The days of massive warehouses full of goods are over for the most part. With the exceptions of seasonally produced goods (mainly agricultural), nobody stocks more than a few days' supply of anything. I've seen a new manager clear out a warehouse full of spare parts at a huge industrial facility (and got promoted for it) because she thought it was wasteful” to have spare motors, pumps, and valves on-site; within a year, half of the cleared-out materials had to be repurchased and put back on the shelves. Various government stockpiles have seen the same actions taken, especially emergency supplies. Selling (at a loss) something you've already paid for just to buy it again later at a higher price seems to be more wasteful to me, but then I don't have a degree in Business Management.

I Say: Be Your Own Warehouse
Your only counter to this is to have your own supplies on hand when they're needed. We have to be our own warehouses, and for preppers that means keeping extra food, water, clothing, and shelter on hand. Storage space can be a problem, so we need to learn to prioritize and keep what we need.

They Say: “Rapid Shipping is a Necessity” 
I enjoy using FedEx and UPS; they make my life simpler and provide a service. There are lots of other shipping companies out there that couldn't survive without the constant demand for immediate shipping of “operating supplies”, the things consumed on a daily basis. This is often the weakest link in the supply chain due to the many ways transportation can get messed up: bad weather, bad roads, bad drivers, and a bunch of other things can all delay shipments for days or weeks. Getting the wrong thing delivered is another common problem.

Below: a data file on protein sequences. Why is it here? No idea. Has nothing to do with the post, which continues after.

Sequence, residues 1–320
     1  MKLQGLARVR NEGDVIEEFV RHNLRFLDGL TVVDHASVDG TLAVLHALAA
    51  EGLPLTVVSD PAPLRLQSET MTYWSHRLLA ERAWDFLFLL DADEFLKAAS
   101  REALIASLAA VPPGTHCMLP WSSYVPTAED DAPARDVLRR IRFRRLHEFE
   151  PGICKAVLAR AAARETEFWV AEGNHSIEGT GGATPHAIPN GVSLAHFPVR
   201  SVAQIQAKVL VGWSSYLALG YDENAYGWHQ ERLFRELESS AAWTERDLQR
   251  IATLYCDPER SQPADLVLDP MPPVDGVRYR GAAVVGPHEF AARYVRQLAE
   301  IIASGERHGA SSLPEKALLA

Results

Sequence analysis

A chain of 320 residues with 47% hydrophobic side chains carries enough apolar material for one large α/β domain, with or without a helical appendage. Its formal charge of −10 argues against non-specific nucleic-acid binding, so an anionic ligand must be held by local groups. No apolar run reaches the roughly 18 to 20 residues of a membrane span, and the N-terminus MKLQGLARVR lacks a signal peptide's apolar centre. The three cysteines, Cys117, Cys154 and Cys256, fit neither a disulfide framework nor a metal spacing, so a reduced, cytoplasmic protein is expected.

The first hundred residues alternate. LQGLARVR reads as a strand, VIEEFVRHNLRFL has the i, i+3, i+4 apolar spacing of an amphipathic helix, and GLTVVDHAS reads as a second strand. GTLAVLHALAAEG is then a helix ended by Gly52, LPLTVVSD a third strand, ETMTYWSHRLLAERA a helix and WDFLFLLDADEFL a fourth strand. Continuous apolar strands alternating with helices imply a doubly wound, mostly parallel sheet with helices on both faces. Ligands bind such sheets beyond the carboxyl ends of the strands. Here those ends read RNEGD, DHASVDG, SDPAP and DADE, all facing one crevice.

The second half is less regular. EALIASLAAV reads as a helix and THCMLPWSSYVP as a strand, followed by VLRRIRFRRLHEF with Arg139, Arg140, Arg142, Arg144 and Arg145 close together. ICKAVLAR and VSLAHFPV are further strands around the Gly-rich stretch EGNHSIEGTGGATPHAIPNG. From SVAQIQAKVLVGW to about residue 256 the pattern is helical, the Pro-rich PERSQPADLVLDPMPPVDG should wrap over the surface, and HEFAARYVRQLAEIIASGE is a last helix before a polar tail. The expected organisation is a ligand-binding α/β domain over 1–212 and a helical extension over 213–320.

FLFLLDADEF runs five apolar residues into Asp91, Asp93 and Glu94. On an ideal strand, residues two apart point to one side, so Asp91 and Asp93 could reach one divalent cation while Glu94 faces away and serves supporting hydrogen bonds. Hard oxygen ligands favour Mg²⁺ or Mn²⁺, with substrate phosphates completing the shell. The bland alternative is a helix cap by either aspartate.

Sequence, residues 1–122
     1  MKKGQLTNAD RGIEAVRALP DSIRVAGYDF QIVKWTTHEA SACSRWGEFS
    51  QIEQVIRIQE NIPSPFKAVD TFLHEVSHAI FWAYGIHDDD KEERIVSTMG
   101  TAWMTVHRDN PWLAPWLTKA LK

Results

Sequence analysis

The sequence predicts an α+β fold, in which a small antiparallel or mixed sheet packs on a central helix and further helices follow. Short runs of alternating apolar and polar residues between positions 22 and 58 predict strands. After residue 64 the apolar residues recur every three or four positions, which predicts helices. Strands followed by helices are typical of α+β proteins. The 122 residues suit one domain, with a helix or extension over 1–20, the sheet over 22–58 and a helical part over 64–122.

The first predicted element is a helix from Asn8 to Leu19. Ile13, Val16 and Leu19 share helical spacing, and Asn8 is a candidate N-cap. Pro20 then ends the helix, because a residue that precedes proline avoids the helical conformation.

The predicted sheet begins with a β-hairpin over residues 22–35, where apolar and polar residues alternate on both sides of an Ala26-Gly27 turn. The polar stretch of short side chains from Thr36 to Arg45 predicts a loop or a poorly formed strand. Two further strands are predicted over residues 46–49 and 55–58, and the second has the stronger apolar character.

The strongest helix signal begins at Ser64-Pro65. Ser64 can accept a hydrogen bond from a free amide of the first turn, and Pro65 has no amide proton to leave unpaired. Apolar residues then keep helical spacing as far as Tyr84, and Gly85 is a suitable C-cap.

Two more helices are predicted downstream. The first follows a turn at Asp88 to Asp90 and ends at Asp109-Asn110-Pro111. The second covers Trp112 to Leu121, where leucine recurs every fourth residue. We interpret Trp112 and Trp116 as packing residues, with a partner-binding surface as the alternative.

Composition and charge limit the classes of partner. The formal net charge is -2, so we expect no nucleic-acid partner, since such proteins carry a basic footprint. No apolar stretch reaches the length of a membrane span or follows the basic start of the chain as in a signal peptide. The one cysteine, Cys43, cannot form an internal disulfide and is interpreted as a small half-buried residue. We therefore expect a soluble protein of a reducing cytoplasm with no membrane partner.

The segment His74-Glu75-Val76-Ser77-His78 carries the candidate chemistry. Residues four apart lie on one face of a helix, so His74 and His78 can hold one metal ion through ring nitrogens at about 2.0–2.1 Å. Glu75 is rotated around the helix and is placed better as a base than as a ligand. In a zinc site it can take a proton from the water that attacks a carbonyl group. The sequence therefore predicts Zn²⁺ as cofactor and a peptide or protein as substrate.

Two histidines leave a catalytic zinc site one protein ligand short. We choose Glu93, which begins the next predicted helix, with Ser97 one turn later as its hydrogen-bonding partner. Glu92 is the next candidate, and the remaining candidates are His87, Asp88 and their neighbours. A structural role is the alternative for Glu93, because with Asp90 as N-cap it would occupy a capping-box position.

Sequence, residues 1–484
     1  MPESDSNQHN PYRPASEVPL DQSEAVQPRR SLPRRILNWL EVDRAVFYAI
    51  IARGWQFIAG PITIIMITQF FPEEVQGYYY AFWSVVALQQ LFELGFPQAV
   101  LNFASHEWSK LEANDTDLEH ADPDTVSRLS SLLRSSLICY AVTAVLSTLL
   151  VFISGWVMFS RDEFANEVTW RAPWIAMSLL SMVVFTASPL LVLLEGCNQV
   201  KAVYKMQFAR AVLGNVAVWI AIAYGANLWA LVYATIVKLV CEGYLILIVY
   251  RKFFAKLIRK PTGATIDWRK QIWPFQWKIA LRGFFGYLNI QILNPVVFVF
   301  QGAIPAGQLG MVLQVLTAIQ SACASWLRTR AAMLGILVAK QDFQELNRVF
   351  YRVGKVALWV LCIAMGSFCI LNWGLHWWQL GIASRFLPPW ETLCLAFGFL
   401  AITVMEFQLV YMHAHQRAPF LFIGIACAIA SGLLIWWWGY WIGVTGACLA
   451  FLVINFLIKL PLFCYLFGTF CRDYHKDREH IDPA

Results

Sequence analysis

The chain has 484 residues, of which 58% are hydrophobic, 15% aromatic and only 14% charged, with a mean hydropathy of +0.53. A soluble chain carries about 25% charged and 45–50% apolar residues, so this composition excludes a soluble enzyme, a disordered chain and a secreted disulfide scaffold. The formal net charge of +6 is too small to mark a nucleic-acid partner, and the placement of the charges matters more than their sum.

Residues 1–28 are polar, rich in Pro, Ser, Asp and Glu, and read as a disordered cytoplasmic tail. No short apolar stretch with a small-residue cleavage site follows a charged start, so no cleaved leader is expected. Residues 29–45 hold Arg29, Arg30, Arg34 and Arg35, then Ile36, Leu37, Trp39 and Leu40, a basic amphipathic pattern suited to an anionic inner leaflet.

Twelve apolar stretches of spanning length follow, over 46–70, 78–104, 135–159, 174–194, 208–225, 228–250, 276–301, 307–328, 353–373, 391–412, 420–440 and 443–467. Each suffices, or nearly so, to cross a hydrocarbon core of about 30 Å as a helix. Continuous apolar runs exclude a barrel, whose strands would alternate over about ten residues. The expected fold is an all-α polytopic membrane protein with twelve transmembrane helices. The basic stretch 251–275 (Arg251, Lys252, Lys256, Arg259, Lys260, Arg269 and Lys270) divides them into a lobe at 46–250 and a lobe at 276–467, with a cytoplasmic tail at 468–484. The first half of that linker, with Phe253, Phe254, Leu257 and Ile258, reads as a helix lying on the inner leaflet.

I Say: Have a Back-Up Plan
If you rely on regular shipments of anything, medications come to mind, have a back-up plan. We get some of our prescriptions filled online and shipped overnight/express, but the local pharmacy has a copy of the prescriptions and can fill them in an emergency. There have been a few times where an extra few days' worth were all we could get locally, but it helped get us through until the order arrived.

They Say: “24/7 Operations Are Now Normal” 
40 hour/5 day weeks are fading into the sunset and most businesses are moving towards having at least a skeleton crew working around the clock to take care of the inevitable emergency customers. Since nobody carries their own stock of supplies, running out of something creates an emergency that needs to be addressed. This, coupled with the digital connectivity afforded by cell phones and computers, has changed how most people work.